Doug Marrone came through the doors in 2008 knowing that his alma mater was in shambles. The once-proud program needed his old-school, tough-love Bronx mentality that made him a successful offensive lineman.
The Orange have been to and won a bowl under Marrone, something fans ate up this past offseason. This season, the expectations are high from fans and minimal from experts.
This week versus USC, Marrone and his scrappy team are taking on a USC program headed in an entirely different direction.
USC has always been a proud program, but within the last decade they have added glitz and glamour with athletes such as Reggie Bush dominating SportsCenter highlight reels.
USC has since been mired down with scandal and controversy. The bright lights of L.A. have been shining down in scrutiny rather than glory as record books were erased and awards returned. USC may not be a crushed program like SMU after the “death penalty,” but their program is on the decline. Their mastermind Pete Carroll fled for the NFL only to leave a controversial Lane Kiffin in his place.
When Marrone and Kiffin stare each other down on Saturday, these two teams will be representing two entirely different types of programs; Syracuse modeled on toughness, defense and conservative offensive consistency and USC based on finesse, speed and explosive play on both sides of the ball.
Interestingly enough, these two teams may have different styles but they have similar teams.
Syracuse and USC are both led by veteran quarterbacks in Ryan Nassib and Matt Barkley, both juniors (Nassib is a junior RS) who play like seniors. Both teams also struggle against the pass— Syracuse is 83rd overall and USC is 70th—and ultimately the key to this game will lie in this realm.
Syracuse’s offensive line has struggled and USC is far too athletic for screens and roll-out passes to be effective all game. Nassib will have to find Van Chew, Alec Lemon and Nick Pravo over the middle and all three will have to hold on to the ball. Antwon Bailey will presumably be most effective on draws, seeing that USC will try to overload an underperforming offensive line.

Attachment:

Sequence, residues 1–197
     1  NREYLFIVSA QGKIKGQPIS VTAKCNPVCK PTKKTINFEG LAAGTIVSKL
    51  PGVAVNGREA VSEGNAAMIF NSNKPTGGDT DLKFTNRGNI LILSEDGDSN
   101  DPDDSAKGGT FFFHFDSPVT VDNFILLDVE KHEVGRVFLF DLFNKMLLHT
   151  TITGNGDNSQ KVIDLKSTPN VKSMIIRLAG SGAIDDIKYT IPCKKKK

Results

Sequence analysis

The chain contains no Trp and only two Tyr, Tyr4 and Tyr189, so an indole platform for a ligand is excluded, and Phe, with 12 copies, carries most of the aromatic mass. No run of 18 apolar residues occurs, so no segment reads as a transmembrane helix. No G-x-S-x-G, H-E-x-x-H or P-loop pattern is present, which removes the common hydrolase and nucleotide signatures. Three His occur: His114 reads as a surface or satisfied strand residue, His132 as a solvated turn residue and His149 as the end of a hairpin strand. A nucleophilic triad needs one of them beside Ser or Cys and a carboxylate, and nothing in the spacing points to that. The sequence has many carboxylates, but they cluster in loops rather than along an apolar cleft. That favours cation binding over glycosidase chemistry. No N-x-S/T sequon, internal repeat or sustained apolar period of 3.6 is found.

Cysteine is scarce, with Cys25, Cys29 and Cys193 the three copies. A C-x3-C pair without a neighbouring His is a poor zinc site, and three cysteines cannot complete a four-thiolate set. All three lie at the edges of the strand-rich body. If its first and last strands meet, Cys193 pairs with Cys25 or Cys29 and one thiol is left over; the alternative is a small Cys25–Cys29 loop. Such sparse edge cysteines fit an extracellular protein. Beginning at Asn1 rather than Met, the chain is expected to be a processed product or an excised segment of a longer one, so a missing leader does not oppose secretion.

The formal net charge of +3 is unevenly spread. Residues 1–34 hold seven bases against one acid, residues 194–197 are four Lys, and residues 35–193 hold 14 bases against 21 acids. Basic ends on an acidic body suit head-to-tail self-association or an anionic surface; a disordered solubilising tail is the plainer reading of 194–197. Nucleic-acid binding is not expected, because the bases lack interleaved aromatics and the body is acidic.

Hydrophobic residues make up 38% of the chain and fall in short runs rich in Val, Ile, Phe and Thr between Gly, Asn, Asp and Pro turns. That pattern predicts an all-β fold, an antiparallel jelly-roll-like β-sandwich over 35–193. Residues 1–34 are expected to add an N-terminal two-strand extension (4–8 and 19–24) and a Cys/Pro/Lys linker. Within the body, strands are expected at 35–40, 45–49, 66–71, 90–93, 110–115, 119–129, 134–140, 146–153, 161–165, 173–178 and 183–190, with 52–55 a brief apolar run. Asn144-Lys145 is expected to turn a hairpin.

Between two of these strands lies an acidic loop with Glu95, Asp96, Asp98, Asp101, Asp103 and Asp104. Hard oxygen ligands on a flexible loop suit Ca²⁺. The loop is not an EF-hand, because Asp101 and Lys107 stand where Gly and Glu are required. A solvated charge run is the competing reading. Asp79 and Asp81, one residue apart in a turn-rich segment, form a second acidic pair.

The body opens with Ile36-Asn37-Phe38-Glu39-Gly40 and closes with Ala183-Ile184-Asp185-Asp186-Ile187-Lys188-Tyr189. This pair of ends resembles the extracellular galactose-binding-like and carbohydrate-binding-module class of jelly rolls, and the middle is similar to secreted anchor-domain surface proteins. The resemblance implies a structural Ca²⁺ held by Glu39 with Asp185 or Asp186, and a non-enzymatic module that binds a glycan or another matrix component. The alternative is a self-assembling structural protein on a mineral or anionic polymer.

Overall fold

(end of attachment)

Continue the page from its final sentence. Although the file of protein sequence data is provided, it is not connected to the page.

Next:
Finally, if Chew and Nassib can connect on one or two breakout plays, Syracuse’s offense should be able to generate points.
On defense, Phillip Thomas will have to lead the secondary with both superb coverage and improved tackling abilities. USC is known for their athletes’ abilities to make plays after the catch. The defensive line and the linebackers are going to have the most difficult job of the day: pressuring Matt Barkley. USC is coming into the game knowing Syracuse is looking to capitalize on turnovers and create havoc in the backfield.
Watch for Barkley to use quick passes early, but if the linebackers can guard the middle of the field while the defensive line creates pressure, Barkley will be in for a long day.
Ultimately, Syracuse has not began a season 3-0 since 1993 and has not started a season with three straight wins since 1991. Syracuse is not expected to win, as shown by a 16.5-point spread.
However, if the Orange can pull off the upset, Marrone and his team will have the Syracuse Orange back on the national radar and earning the respect this program has lacked for so many years.